Police to get new powers to tackle traveller sites on private land

Proposals to hand police more powers to deal with illegal traveller sites have been welcomed by landowners.

Existing laws require landowners to spend thousands of pounds seeking a court injunction to remove travellers under a time-consuming civil process.

See also: ‘Make trespass a criminal offence to stop traveller camps’

But the measures set out by home secretary Sajid Javid include proposals to make it a criminal offence to set up an unauthorised camp.

The new measures include:

  • Reducing the number of vehicles involved in an unauthorised encampment before police powers can be exercised
  • Extending the period during which travellers would be unable to return to land from three to 12 months
  • A further consultation on making it a criminal offence to set up an unauthorised encampment.

Announcing the changes Mr Javid said: “There is a widespread perception that the law does not apply to travellers and that is deeply troubling.

“The vast majority of travellers are law-abiding citizens – but illegal sites often give an unfair, negative image of their community and cause distress and misery to those who live nearby.”

He added: “The results of our initial consultation were clear – people want to see greater protection for local communities and for police to be given greater power to crack down on trespassers.”

CLA president Tim Breitmeyer echoed Mr Javid’s comments and welcomed the home secretary’s move.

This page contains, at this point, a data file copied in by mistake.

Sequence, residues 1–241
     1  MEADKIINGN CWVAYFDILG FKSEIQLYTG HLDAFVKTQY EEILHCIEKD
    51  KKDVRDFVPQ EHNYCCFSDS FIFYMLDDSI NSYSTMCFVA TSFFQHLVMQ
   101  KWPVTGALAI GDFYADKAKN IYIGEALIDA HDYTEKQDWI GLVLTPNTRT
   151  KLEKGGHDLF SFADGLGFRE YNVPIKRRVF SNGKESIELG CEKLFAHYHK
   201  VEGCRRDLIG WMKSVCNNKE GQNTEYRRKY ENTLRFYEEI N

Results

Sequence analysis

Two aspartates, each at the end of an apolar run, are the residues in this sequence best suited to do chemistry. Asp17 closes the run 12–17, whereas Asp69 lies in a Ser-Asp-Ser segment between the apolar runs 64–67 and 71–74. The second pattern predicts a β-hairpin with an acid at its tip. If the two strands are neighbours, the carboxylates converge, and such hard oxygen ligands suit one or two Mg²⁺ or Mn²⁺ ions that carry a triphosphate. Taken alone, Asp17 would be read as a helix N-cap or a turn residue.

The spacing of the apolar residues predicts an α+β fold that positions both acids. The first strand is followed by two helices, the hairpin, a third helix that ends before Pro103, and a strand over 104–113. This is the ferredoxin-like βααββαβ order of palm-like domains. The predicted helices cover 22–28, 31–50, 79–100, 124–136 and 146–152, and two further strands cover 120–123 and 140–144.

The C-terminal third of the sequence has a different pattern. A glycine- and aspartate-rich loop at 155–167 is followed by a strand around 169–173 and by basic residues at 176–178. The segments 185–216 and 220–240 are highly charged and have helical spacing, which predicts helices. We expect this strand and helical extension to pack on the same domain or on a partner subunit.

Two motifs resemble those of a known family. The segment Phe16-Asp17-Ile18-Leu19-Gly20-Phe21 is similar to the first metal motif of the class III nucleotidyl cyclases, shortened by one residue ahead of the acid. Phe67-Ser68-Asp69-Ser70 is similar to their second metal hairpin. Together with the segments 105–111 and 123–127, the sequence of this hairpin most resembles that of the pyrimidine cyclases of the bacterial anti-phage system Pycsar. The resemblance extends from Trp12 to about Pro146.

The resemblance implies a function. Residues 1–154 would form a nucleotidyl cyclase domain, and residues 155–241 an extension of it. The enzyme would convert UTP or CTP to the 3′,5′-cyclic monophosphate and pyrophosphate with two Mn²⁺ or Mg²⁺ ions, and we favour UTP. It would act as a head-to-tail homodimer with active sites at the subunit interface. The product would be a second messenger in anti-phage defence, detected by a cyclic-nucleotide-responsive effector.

“Illegal encampments in rural areas can have a detrimental economic, environmental and social impact on local businesses and communities as well as on the private landowner,” Mr Breitmeyer said.

“Current police powers for removal have proved ineffective on private land, resulting in frustration for the landowner who must use alternative legal mechanisms, which are often time-consuming and expensive,” he said.

Mr Breitmeyer also welcomed the proposals to make setting up an unauthorised camp a criminal offence.

“Making it a criminal offence to set up an unauthorised residential camp would act as a deterrent to those who might consider occupying land without consent and provide greater certainty for the police to act if they understand that an offence has been committed.

“We look forward to engaging with the forthcoming consultation to bring about this change in the law.”

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